Thank you for sharing!

Your article was successfully shared with the contacts you provided.
California soon will join every other state in the nation by freeing lawyers to violate a client’s confidentiality if they believe doing so could prevent injury or death to another person. While most praise the concept as a good move long overdue, some lawyers fear it could be the first step toward undermining state laws holding that the confidentiality of attorney-client relationships is inviolate. “It’s a camel’s nose under the tent,” Robert Gerber, a partner in the Del Mar Heights office of Los Angeles’ Sheppard, Mullin, Richter & Hampton, said Thursday. “It’s an opening up of what’s traditionally been a very sacred attorney-client privilege that will make us less effective counselors.” The new disclosure law broadens the state’s Evidence Code by providing that the attorney-client privilege can be broken when a lawyer “reasonably believes” that disclosure is necessary to prevent a criminal act by any person, including a client, that could result in death or substantial injury. The law, passed by the state Legislature last year but not effective until July 1, makes disclosure discretionary, not mandatory. On May 22, the State Bar Board of Governors plans to meet in Los Angeles to discuss making a related change in ethics rules, so that attorneys won’t be subject to disciplinary action if they comply with the new statute. Kevin Mohr, a professor at Fullerton’s Western State University College of Law, said the new law provides the first exception to the attorney-client privilege in more than 130 years. “A lawyer can now take action and intervene and prevent [a] criminal act from occurring,” said Mohr, who chaired the 21-member State Bar task force that developed the ethics rule change mandated by the state Legislature last year. “It allows lawyers to do the right thing without fear of being subjected” to discipline. The State Bar had tried to push through similar statutory and ethics changes in 1987, 1992 and 1998, but was rejected each time by the state Supreme Court, which didn’t think it had the authority to carve out an exception to a legislative act. The court, which had a representative on the task force, is expected to approve the current proposal. “The Legislature has actually authorized the rule this time,” Mohr said. Assemblyman Darrell Steinberg, the Sacramento Democrat who authored the bill, felt that California lawyers were caught between a rock and a hard place when faced with situations in which complying with confidentiality could cost someone’s life. Groups as diverse as the California District Attorneys Association and the Gray Panthers backed the change. Opponents included the San Diego County Bar Association’s ethics committee and many of the attorneys on the State Bar’s litigation section, including Gerber, a former chairman, and Charles Berwanger, who is on the section’s executive committee. “Our concern was that to allow disclosure would discourage clients from being forthright and complete,” said Berwanger, a partner in Gordon & Rees’ San Diego office, “and would, in turn, render the attorney’s advice incomplete.” Gerber, of Sheppard Mullin, said there are also worries that the change will expose lawyers to liability if they choose not to rat on a client who then goes out and kills someone. Since the standard for disclosing is reasonableness, he said, malpractice lawyers could argue that the attorney who failed to disclose owed a duty to the victim. “It puts lawyers in the middle, where they shouldn’t be,” Gerber said. Some fear that puts lawyers in the same situation as psychotherapists. The state Supreme Court ruled in 1976 that they are required to warn about dangerous patients. But Mohr argues that since disclosure by lawyers will be discretionary, not mandatory, that eliminates any argument that there was a duty to warn. “You’re kind of leaving it up to the lawyer,” he said, “in deciding when someone is blowing off steam and when they are serious.” Mohr also notes that the law says that before spilling the beans on a potentially dangerous client, attorneys must make a “good faith effort” to persuade the person not to commit a crime or must make it known that their threats could be made public. Gerber and others, however, say the latter requirement could cause major problems, particularly for criminal defense attorneys. At what point, they ask, do you advise a criminal defendant that some of the things he or she says might not be kept confidential? “We don’t just advocate for clients. We counsel them,” Gerber said. “And, if under certain circumstances we are required or even have the option to disclose, it makes us far less effective counselors.”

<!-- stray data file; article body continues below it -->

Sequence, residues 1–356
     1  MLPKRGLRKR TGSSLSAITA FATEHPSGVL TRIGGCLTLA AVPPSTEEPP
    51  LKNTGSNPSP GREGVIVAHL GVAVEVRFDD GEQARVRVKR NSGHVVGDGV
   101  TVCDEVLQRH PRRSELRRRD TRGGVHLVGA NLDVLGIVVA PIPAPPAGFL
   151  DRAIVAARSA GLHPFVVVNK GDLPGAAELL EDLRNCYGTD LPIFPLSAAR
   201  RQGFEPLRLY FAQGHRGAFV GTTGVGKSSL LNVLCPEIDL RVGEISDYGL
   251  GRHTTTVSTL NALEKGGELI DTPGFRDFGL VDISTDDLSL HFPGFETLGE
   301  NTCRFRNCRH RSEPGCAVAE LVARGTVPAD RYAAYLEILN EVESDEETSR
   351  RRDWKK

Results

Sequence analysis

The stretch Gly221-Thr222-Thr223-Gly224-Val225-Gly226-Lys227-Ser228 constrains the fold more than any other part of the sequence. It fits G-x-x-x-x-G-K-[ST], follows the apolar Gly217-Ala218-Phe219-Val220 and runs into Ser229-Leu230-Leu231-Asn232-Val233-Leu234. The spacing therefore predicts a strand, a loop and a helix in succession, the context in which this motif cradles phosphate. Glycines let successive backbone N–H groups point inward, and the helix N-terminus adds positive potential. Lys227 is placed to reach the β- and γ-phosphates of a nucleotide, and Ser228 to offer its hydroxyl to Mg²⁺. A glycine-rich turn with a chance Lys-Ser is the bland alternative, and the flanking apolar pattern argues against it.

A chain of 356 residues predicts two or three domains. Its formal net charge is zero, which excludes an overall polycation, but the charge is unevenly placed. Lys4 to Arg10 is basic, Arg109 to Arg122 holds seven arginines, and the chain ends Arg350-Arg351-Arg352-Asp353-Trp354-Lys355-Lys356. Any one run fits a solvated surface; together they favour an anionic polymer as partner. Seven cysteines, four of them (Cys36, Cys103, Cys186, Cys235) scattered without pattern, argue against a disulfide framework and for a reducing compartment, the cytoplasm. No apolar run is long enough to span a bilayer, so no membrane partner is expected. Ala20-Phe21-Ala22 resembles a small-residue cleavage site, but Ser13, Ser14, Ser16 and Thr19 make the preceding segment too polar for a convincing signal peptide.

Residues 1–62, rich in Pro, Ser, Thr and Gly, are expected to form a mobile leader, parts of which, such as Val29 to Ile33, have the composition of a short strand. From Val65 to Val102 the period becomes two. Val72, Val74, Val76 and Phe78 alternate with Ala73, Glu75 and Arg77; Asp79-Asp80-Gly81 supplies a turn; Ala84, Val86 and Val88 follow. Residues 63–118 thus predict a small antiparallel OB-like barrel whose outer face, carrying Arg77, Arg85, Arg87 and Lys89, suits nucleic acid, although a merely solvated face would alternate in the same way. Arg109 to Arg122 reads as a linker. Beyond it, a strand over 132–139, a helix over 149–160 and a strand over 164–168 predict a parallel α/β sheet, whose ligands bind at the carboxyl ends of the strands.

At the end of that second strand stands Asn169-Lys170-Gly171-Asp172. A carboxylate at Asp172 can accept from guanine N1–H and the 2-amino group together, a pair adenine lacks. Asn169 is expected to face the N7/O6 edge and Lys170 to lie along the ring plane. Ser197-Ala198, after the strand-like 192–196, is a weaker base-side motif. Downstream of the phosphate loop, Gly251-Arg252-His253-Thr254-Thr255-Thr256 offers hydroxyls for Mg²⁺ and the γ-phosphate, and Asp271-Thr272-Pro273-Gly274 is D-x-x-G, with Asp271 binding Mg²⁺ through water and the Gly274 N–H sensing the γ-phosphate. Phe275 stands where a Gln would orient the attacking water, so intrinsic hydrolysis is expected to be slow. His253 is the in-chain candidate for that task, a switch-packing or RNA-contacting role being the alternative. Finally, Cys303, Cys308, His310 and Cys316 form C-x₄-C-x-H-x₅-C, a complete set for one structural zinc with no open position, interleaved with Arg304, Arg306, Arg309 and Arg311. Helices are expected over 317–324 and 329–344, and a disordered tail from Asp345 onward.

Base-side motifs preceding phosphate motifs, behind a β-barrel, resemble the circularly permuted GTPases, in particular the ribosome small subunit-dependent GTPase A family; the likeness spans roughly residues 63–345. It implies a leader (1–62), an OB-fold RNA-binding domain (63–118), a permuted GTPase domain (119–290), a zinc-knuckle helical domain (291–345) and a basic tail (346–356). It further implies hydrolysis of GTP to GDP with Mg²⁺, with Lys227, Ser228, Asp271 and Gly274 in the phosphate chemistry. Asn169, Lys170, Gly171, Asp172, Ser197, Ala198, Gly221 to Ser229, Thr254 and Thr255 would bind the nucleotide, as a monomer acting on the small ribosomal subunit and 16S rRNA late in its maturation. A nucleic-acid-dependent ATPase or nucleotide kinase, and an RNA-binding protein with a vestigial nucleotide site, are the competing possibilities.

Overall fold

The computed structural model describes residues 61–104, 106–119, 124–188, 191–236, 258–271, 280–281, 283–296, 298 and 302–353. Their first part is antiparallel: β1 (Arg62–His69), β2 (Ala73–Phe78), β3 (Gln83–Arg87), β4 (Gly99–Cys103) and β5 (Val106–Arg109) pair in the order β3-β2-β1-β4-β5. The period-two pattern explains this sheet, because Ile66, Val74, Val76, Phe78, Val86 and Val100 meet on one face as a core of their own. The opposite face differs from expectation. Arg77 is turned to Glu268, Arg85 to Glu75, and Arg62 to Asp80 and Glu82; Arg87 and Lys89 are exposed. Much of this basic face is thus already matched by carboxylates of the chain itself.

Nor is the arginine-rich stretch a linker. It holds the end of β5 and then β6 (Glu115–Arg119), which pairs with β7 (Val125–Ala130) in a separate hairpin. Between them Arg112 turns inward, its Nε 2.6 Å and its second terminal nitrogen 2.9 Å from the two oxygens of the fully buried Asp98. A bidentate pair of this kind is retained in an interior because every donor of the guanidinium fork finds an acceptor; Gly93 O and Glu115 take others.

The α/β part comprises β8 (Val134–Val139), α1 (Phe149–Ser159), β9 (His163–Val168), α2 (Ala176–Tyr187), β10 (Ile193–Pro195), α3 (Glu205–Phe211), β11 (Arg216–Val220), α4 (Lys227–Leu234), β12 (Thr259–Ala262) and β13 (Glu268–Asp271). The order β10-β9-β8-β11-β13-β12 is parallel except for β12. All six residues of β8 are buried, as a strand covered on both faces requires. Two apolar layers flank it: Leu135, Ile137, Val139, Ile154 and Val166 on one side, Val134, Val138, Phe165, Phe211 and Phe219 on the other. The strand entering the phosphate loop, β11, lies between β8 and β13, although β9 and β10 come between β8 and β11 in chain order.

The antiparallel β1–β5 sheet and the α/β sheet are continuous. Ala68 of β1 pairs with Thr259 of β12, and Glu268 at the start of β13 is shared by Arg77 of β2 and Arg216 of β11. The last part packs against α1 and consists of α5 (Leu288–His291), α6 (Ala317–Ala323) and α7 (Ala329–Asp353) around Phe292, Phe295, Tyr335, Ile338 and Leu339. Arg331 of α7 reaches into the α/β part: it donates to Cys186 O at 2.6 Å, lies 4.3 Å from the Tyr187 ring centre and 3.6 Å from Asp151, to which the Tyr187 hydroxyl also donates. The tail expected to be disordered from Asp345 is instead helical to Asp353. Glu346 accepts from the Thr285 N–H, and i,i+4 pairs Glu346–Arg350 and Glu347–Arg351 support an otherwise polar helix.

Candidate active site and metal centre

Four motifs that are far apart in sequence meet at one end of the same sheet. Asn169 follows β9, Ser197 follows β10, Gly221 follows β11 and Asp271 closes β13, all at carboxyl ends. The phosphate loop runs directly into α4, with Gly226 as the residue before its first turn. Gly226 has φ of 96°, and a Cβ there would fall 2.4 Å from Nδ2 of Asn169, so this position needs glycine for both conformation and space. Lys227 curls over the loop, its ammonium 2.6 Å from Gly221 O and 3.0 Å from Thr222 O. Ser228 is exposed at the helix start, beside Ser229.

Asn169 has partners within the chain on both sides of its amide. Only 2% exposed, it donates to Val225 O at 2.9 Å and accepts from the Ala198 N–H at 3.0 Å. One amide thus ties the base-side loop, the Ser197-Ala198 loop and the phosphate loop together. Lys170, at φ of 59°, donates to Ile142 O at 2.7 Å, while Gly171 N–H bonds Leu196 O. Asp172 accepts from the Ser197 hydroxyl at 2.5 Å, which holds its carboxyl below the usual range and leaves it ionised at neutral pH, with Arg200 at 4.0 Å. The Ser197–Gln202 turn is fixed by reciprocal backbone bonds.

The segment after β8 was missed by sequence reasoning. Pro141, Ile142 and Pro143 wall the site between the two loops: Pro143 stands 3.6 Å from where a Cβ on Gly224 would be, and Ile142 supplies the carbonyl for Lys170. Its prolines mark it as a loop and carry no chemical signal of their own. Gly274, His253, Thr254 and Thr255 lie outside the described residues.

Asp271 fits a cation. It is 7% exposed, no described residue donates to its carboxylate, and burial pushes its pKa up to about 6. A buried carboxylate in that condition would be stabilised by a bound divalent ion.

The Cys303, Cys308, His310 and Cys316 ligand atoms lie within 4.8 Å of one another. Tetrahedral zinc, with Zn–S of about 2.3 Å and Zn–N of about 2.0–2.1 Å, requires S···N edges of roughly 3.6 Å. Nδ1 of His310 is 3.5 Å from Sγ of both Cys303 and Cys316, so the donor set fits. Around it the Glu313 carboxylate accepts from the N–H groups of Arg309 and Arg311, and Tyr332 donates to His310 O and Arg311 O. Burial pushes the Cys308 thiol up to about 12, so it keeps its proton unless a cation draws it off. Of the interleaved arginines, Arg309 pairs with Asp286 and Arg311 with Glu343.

This content has been archived. It is available through our partners, LexisNexis® and Bloomberg Law.

To view this content, please continue to their sites.

Not a Lexis Advance® Subscriber?
Subscribe Now

Not a Bloomberg Law Subscriber?
Subscribe Now

Why am I seeing this?

LexisNexis® and Bloomberg Law are third party online distributors of the broad collection of current and archived versions of ALM's legal news publications. LexisNexis® and Bloomberg Law customers are able to access and use ALM's content, including content from the National Law Journal, The American Lawyer, Legaltech News, The New York Law Journal, and Corporate Counsel, as well as other sources of legal information.

For questions call 1-877-256-2472 or contact us at [email protected]

Reprints & Licensing
Mentioned in a Law.com story?

License our industry-leading legal content to extend your thought leadership and build your brand.


ALM Legal Publication Newsletters

Sign Up Today and Never Miss Another Story.

As part of your digital membership, you can sign up for an unlimited number of a wide range of complimentary newsletters. Visit your My Account page to make your selections. Get the timely legal news and critical analysis you cannot afford to miss. Tailored just for you. In your inbox. Every day.

Copyright © 2021 ALM Media Properties, LLC. All Rights Reserved.